While this is my path, there's a takeaway for others if they choose to discover it: dedicate your life force energy to those things that truly matter. Let the rest go. Only you can decide what matters to you, but the universe provides you with endless opportunities to discover and refine these things. Start by noticing where you put your energy. Listen to the thoughts that run through your mind and ask yourself this: Is it worth it to dedicate any time or energy to this? If I do dedicate time and energy to this, will it help me grow, improve my life, meet my goals, or make the world a better place? Is spending time and energy on this a true reflection of who I am?
Everyone experiences challenges in life. Our souls have offered these challenges as gifts, and it's up to us to sift through the rubble to find the diamond hiding within each challenge. It's okay to spend some time hating the challenge. It's okay to spend some time hurt, aching, angry, or whatever other initial emotion the challenge evokes. However, after we've allowed ourselves to have the full experience of whatever emotions arise with each challenge, it's also up to us to decide what we do with that experience. Do we attach emotional energy to it and dwell on it for the rest of our lives with hurt, anger, and bitterness, or do we use it to propel us to new self-awareness, compassion, and understanding?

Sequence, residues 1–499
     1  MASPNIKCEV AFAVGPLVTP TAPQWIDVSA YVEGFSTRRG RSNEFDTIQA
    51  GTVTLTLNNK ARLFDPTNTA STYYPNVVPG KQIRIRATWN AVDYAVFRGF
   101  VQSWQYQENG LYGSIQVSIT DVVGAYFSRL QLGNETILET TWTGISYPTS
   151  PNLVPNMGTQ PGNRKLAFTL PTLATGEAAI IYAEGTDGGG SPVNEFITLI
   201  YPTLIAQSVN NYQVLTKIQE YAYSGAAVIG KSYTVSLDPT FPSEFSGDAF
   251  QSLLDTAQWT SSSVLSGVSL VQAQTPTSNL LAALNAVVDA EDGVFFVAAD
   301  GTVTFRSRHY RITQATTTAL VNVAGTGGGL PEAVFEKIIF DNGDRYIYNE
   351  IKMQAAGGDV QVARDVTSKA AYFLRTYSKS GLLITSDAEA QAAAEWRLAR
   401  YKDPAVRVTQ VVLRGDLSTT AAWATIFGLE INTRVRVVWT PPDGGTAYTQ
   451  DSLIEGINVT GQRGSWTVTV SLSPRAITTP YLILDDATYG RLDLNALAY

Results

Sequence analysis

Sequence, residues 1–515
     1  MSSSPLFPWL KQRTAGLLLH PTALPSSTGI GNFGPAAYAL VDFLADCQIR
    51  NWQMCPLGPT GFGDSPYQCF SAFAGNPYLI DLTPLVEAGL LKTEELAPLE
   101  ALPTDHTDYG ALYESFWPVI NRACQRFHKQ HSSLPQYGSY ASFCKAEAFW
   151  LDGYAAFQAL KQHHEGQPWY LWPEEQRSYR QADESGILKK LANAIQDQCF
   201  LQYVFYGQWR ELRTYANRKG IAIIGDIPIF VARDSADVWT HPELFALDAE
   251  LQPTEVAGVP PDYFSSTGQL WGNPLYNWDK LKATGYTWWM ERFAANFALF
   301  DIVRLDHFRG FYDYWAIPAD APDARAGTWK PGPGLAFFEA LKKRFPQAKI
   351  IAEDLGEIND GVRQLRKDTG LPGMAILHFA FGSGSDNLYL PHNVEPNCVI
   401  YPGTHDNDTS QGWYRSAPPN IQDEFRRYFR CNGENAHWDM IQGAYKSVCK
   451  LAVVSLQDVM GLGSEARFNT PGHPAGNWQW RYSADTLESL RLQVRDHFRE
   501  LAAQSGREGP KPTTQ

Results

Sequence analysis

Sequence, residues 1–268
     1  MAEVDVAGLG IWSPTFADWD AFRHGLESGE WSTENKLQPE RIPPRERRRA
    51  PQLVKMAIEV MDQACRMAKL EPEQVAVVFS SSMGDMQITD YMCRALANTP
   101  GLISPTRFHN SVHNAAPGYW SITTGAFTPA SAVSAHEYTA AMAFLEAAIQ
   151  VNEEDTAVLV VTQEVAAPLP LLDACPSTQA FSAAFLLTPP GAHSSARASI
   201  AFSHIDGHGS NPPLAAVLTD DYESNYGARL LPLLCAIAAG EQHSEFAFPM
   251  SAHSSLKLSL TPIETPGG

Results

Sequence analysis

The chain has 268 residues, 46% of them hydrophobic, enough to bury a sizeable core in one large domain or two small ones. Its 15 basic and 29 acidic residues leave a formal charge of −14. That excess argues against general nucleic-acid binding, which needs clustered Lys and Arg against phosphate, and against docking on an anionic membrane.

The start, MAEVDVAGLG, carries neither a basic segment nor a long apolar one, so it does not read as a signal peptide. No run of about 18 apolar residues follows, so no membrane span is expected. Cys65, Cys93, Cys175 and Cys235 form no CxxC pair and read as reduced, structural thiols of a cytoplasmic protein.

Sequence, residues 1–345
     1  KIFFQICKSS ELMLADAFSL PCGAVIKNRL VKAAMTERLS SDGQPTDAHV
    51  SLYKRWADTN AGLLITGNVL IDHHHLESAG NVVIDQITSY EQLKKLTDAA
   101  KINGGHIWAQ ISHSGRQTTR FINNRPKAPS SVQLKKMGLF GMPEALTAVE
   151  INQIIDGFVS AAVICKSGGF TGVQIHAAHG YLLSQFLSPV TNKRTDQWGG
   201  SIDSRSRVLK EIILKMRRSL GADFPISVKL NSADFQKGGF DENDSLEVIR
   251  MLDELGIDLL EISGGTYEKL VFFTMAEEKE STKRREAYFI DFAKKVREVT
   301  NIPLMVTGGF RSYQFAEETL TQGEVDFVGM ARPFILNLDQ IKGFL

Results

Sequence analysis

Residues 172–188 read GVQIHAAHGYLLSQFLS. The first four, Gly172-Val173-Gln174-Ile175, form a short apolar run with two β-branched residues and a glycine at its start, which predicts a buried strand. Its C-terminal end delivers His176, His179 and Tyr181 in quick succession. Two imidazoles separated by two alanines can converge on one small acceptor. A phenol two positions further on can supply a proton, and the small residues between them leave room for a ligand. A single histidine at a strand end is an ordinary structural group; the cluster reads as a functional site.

In each lifetime, we get to decide how we interpret our experiences, how we react to them over the long-term, and where we place our life force energy. Thus, it never hurts to do a gut check and ask ourselves whether it's worth giving away something as precious as our energy to something that doesn't serve who we choose to be.